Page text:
The great hypnotist Professor Montserrat has developed a technique for controlling the minds, and sharing the sensations, of his subjects. He and his wife Estelle test the technique on Mike...
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Christopher Lee stars in the Amicus production of "Dr. Jekyll & Mr. Hyde" where the names have been changed to Dr. Marlowe and Mr. Blake. Lee as Dr. Marlowe experiments with intravenous ... See full summary »
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Duke Duquesne is a very eccentric magician, and owing to his lifestyle his two-year-old daughter, Cassie, is sent away to live with an aunt. After twenty years, news of her father's death ... See full summary »
In Victorian London, Dr. Henry Jekyll attempts to create an elixir of life using female hormones stolen from fresh corpses. He reasons that these hormones will wipe out all common diseases ... See full summary »
The great hypnotist Professor Montserrat has developed a technique for controlling the minds, and sharing the sensations, of his subjects. He and his wife Estelle test the technique on Mike Roscoe, and enjoy 'being' the younger man. But Estelle soon grows to love the power of controlling Roscoe, and the vicarious pleasures that provides. How far will she go, and can the Professor restrain her in time? Written by
Kieron O'Hara <email@example.com>
Filming began on January 16 1967. Boris Karloff would next journey to Madrid to work on "Cauldron of Blood". See more »
In the car chase near the end of the movie, Mike, in the Jaguar, is pursued by a police car. In the front seat of the police car are two uniformed cops on the outside and the girlfriend in the center. In the back seat, the detective in the trench coat is on the left, the mechanic is on the right, and another uniformed cop in the center. After Mike hits the brakes and the cop car overshoots an intersection, Mike speeds off. However, when the police car backs up and resumes the chase, only the detective is visible in the back seat. The mechanic and one uniformed cop are not visible as the car backs up and speeds after Mike. See more »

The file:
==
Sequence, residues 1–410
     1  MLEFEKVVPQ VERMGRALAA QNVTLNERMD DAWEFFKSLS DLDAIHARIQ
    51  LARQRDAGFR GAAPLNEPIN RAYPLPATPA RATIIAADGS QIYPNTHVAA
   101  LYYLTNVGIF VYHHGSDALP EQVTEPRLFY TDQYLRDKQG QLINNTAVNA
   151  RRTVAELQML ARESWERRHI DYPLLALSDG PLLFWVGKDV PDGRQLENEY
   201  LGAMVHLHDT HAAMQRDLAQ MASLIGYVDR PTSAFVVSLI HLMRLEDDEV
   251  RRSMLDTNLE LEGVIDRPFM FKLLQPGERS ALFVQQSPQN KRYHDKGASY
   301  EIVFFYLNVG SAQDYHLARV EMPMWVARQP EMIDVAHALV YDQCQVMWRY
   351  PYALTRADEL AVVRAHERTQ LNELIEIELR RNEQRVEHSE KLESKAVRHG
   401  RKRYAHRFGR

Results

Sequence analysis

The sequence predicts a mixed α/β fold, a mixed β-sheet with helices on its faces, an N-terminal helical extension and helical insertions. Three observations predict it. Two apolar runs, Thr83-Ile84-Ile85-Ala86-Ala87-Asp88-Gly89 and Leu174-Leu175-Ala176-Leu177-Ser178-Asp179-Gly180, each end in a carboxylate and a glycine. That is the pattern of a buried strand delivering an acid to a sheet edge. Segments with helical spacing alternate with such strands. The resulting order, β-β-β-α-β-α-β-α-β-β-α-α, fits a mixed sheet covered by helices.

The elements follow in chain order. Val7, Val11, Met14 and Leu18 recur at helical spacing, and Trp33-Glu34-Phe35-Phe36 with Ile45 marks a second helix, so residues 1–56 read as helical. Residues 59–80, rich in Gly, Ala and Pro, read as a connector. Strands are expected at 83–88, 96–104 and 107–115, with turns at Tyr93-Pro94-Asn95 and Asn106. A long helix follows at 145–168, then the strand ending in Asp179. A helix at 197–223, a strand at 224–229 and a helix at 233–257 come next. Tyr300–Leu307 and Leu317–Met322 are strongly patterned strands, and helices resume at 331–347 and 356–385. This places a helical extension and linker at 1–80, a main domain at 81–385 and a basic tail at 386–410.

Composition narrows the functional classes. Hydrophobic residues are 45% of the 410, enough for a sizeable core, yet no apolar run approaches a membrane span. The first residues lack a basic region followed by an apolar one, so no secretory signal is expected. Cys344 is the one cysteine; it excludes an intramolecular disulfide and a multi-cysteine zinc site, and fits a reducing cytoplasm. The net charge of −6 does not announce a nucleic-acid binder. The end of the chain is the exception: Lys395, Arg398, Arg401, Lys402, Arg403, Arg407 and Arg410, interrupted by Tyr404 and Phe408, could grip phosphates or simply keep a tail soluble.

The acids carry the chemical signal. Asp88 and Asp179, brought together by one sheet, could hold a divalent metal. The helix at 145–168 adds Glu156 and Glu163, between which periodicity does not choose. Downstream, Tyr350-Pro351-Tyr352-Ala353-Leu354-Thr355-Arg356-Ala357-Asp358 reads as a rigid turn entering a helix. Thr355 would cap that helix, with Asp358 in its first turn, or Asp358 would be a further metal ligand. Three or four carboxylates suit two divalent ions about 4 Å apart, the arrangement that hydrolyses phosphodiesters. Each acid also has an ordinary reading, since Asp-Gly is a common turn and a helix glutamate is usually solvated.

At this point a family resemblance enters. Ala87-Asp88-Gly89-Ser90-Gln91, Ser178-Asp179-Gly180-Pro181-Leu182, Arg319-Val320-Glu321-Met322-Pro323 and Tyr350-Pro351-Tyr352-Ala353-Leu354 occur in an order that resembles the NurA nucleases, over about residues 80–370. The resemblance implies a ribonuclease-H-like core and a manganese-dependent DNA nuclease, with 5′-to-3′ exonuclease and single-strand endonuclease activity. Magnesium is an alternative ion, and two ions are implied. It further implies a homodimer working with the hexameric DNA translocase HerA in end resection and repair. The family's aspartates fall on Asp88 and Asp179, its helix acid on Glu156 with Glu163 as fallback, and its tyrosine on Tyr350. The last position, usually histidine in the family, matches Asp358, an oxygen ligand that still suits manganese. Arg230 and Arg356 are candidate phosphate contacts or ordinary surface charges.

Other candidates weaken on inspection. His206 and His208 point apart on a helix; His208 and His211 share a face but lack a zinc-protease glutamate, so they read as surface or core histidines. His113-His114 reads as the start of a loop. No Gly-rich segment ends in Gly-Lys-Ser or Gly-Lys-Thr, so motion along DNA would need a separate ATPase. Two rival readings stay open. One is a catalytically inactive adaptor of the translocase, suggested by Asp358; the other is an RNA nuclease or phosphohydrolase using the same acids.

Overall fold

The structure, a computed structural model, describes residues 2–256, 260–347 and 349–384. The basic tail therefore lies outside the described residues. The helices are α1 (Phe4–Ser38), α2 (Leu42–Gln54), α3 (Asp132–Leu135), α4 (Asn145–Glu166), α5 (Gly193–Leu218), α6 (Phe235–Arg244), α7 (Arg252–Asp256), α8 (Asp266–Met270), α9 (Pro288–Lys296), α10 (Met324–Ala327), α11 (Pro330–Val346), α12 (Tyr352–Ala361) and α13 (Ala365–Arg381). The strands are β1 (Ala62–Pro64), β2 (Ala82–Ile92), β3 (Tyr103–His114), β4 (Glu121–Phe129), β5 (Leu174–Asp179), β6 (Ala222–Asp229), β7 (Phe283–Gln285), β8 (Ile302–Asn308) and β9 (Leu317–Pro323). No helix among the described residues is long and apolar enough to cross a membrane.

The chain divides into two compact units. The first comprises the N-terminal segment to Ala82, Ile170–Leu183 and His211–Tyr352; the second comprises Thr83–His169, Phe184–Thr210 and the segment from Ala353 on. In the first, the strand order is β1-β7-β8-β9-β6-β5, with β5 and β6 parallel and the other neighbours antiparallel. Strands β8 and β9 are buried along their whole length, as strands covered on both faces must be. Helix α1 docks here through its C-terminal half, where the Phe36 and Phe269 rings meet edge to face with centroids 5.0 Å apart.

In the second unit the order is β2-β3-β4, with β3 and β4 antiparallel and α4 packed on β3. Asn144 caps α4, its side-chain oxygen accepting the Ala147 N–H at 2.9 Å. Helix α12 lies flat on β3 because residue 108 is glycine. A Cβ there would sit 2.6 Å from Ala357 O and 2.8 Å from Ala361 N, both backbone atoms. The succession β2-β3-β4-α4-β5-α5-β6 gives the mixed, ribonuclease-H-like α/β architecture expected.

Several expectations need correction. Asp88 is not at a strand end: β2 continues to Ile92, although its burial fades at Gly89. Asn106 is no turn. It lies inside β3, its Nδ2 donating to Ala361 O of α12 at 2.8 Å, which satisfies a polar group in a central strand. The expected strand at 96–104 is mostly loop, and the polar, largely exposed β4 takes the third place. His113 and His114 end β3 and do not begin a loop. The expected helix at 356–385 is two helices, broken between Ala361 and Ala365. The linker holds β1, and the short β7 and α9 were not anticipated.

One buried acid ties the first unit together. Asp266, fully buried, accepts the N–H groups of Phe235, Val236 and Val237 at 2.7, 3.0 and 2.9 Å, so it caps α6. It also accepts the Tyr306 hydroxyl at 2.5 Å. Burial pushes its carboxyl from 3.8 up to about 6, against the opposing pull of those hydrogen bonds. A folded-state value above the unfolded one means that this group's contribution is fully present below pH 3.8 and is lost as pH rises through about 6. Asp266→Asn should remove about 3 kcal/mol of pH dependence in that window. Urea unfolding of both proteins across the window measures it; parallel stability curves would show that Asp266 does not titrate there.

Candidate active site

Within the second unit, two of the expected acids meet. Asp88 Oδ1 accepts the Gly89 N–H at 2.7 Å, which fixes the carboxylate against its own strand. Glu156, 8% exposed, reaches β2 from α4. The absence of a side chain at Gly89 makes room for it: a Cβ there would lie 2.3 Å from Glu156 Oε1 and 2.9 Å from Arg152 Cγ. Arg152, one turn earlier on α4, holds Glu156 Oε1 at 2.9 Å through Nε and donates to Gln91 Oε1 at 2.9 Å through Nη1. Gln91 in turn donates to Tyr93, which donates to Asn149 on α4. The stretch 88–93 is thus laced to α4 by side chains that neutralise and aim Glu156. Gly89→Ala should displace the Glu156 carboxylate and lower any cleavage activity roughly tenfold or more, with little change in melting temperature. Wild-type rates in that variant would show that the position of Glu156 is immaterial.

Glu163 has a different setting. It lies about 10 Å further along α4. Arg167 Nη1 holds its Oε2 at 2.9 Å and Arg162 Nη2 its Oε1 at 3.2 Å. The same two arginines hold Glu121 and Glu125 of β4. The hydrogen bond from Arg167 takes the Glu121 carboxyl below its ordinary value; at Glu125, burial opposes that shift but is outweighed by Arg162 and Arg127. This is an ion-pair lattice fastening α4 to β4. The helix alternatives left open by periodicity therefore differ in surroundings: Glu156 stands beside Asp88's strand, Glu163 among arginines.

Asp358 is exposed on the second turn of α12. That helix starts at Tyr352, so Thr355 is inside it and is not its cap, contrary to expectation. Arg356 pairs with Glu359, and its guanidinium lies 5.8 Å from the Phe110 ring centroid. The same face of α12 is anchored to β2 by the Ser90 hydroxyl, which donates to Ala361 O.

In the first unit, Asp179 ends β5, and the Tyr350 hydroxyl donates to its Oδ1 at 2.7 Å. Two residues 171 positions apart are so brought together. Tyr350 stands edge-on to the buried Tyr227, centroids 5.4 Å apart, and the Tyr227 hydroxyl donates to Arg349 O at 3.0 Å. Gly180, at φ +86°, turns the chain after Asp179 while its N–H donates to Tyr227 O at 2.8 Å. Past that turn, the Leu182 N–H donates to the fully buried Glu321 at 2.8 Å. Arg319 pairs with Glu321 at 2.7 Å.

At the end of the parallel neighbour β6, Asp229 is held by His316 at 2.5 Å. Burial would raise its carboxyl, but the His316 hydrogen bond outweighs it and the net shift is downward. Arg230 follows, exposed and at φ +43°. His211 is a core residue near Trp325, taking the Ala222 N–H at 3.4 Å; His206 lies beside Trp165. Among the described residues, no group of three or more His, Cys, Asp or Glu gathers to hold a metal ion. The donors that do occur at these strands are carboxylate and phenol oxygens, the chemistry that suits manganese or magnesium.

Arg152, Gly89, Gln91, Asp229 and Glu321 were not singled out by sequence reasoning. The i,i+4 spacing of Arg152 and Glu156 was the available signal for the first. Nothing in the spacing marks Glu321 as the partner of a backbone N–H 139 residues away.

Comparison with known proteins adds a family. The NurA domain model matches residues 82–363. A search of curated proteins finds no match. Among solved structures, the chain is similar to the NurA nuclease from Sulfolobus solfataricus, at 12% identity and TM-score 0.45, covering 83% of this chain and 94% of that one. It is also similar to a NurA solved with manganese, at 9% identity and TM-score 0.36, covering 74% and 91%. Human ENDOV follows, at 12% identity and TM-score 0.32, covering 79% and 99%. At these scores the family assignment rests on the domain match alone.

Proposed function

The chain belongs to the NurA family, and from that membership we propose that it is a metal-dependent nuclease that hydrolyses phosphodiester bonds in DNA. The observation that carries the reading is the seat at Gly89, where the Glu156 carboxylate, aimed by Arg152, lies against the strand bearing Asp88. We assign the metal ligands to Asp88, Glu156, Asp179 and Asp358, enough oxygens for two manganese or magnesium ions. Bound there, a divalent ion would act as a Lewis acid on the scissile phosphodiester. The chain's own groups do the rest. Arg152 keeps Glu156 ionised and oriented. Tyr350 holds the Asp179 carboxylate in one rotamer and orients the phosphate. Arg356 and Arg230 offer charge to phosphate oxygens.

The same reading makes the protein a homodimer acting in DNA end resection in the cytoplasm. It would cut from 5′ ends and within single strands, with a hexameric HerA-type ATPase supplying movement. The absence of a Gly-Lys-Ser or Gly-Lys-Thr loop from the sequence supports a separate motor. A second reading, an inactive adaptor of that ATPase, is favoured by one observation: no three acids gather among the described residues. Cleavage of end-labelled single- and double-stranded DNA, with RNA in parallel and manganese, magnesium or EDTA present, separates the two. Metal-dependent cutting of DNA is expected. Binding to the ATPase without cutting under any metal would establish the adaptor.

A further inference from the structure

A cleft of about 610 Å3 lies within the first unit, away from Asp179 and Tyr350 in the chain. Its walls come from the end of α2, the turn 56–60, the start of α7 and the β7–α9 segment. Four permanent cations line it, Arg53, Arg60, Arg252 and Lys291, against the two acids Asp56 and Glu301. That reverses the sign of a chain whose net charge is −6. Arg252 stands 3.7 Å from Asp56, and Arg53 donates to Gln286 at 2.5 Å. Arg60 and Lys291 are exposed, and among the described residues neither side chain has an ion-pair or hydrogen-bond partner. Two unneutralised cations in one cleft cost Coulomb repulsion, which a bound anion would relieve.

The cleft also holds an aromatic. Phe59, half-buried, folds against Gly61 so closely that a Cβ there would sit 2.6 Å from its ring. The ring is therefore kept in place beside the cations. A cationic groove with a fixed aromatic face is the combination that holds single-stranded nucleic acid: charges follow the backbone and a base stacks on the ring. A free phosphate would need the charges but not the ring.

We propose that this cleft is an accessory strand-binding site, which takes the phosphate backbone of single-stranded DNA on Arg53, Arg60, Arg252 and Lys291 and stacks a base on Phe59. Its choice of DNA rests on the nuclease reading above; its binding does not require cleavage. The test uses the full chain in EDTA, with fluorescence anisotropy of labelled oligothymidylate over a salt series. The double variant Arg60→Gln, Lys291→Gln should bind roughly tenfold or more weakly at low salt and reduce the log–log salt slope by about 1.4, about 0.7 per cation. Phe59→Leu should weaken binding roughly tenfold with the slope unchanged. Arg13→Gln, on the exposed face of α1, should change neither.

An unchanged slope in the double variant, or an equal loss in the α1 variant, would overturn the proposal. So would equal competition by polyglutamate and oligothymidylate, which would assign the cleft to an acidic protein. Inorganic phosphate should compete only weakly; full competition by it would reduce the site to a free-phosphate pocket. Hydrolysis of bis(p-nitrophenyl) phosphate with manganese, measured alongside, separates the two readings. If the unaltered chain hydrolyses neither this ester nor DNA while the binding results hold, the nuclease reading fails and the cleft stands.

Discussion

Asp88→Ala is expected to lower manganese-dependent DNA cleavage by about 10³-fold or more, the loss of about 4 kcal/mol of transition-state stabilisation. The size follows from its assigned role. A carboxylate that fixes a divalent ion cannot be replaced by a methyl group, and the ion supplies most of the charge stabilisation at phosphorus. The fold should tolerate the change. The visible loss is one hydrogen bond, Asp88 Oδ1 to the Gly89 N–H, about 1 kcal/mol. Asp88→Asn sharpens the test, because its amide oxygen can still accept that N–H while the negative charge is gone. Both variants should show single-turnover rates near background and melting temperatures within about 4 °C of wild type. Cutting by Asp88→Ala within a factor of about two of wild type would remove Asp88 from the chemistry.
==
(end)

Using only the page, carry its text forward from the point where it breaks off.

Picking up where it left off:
Those commenters who have lamented the invisibility of Michael Reeves's second feature will be glad to know it was networked on Britain's biggest channel, BBC1, on 7 January. "The Sorcerers" is one of the movies that makes one feel a fresh evaluation of Tony Tenser's Tigon (and of Amicus, the other little brother of Hammer in the spooky and gory area) is overdue.
No need to exaggerate the merits of this prentice work by the 23-year-old Great White Forlorn Hope. It has the budget and look of a made-for-television movie (Euston Films, maybe?) and falls somewhere between "Peeping Tom" and "Performance" in its conflation of traditional horror/fantasy and Swinging London elements. The first scene of Karloff sparring with a newsagent recalls Miles Malleson poring over dirty postcards in Michael Powell's masterwork. Ian Ogilvy's eternal triangle in and around a nightclub-- interrupted by the increasingly criminal forays on which he is sent by the mind-controlling Montserrats-- has a touch of James Fox's peregrinations as the hoodlum whose brain is warped by contact with Mick Jagger and Anita Pallenberg.
Like Fox, Ogilvy was a public schoolboy (Eton) here convincingly playing rough trade. His junk shop, cheekily named "The Glory Hole", is in Lisson Grove, not far from the infamous Bayswater pad of "Performance". A comparison of Reeves and Donald Cammell as sceptical observers of the Flower Power era might keep a film studies thesis-writer busy.
However, the film belongs to Karloff and Catherine Lacey, the puppetmasters of mesmerism. Boris, aged 80, is doing his last work in his native land. He is clearly tired and spends most of the runtime sitting or sprawling. He is in his mellow, "Targets" phase: bearded, gaunt, hollow-eyed and lined, that beautifully sepulchral voice still able to veer from sinister implication to moral authority within a few syllables. After a career of kindly spinsters, Miss Lacey must have relished her Grand Guignol, orgasmic turn as the wife who has to dominate her hubby before she can possess a younger male psyche and make Ogilvy into a serial killer.
Connoisseurs of Britflix will enjoy spotting Gerald Campion, the former Billy Bunter of BBC TV, as a queer customer of The Glory Hole; Susan George, junior sexpot, just 17 and already acting like a hardened good time girl; Meier Tzelniker, stalwart of the Yiddish theatre and singer of "Nausea" in "Expresso Bongo", as a café owner; Alf Joint, veteran stuntman, as the repair shop foreman; and Ivor Dean as the archetypal CID man with belted mac and pipe.
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